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Seeds are a superfood and are well known for their infinite number of healthy properties. They can improve digestion, help you sleep better, or even replace foods such as eggs.
How to eat them
People often make a lot of mistakes when it comes to eating seeds. If you want to get all their benefits it’s important to not only eat enough but eat them correctly.
- Soaked: Many seeds need to be soaked in water for a few hours to release the gelatin where the fiber is found. Chia seeds only need 30 minutes, but flax seeds need to be soaked for at least 5 hours. The amount of fiber is higher when they’re soaked, so if you want to combat constipation, regulate anxiety, and improve cholesterol, I recommend that you eat them this way.
- Chopped: Some seeds need to be “broken” or shelled to release all their nutrients. Some are a piece of cake because they can be chewed easily– such as sunflower or pumpkin seeds. However, others such as chia seeds should be chopped in a grinder or mortar.
“If you are concerned about anxiety or constipation it’s best to consume chia seeds soaked rather than chopped.”
How to preserve your seeds
Be sure to keep the seeds stored in airtight containers, away from direct light to keep them from oxidizing. If you want to preserve their healing properties you should put the jars in the refrigerator.
If you decide to eat them chopped- eat them right away. So, make sure you’re just chopping what you’re going to eat in the moment. Otherwise, they’ll go to waste.
If you happen to chop or grind more seeds than you need, you can keep them in the refrigerator so that they don´t oxidize (they´ll last about 3 days). Or better yet, freeze them and take out what you need when you need them; this way they won’t lose their properties.
Chia seeds for the microbiota: They are the best for taking care of your microbiota, they improve digestion and also make you feel full (they absorb up to 10 times their weight in water). The simple fact of adding a tablespoon of these seeds to our daily meals can change your life!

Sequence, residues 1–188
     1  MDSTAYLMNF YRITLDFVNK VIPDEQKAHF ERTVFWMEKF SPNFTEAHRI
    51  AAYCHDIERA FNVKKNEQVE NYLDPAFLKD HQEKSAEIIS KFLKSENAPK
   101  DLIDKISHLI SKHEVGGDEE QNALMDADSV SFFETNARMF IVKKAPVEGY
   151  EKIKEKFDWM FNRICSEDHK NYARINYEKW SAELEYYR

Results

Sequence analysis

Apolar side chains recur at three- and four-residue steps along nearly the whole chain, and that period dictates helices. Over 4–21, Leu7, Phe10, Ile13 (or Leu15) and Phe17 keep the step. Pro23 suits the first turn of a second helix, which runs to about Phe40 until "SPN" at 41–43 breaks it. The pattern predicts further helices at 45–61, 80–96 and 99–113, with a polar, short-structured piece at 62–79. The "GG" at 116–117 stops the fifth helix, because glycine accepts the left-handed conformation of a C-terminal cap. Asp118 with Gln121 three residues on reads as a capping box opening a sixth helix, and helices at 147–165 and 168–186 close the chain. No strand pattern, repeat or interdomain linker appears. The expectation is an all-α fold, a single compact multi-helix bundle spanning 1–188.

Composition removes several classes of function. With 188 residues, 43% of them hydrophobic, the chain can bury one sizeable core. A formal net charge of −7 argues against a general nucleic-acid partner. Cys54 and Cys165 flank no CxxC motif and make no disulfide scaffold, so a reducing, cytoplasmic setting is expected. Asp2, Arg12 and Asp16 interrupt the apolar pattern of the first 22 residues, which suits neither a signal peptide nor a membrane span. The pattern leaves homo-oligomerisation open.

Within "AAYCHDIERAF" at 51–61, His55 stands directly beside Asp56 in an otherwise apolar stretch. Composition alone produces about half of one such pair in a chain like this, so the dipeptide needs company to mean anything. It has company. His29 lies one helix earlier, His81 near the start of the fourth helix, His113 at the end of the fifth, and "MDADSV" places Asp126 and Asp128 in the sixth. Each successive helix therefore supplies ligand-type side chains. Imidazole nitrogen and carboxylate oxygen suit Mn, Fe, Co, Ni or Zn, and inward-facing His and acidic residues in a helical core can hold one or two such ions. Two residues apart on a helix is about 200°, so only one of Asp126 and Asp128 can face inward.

Did you know that chia has three times more calcium than cow’s milk, three times more iron than spinach, and three times more antioxidants than blueberries?!
Pumpkin Seeds to sleep better: They contain tryptophan, an essential amino acid that helps to regulate serotonin levels in turn helping us to rest better. They are also one of the most important sources of zinc in our diet, as well as being rich in other minerals such as copper, manganese, and magnesium.
Flax to ward off aging: These seeds are rich in zinc, iron, and selenium, an explosive cocktail highly recommended for athletes. Another unique thing about these seeds is their high content of another fiber with an antioxidant effect, lignans, whose anticarcinogenic effects are currently being studied.
Sesame for good hair: This small seed contains a large amount of calcium which is especially good for hair health and to prevent osteoporosis. Its bitter taste is slightly reminiscent of walnuts, so it’s widely used as a topping in many stews, and vegetable soups.
Hemp, great vegetable protein: The most interesting thing is their high protein content (they contain all the essential amino acids) and fiber. In addition, they contain Omega 3 and 6 fatty acids, which makes them great allies for cardiovascular health. Is there anything this seed can’t do?!
Quinoa- the most sought-after unknown seed. Although many believe that quinoa is a grain (since you have to cook it to eat it), it’s actually a seed. In fact, it has the most essential amino acids. It’s a source of calcium and also contains lithium, a mineral that is difficult to find in other foods plus it’s great for the nervous system.
Did you know that some seeds can replace eggs?
When you soak flax or chia seeds in water, a kind of gelatin called mucilage is formed, which is very similar to an egg. This is how they can replace eggs in recipes, especially useful for vegans.
Write down the measurements, because it will come in handy one day when we run out of eggs 😉
To make a flax egg or a chia egg you need 1 tablespoon of seeds for every 3 tablespoons of water. Then beat them well in a food processor and add them to your recipes instead of eggs.
The best seed recipes
Add them to Golden Milk
Throw them in a sauce like this Chicken Mole
Sprinkle them on top of soup vegetable soups like this Zucchini one.
Use them as a natural thickener for jams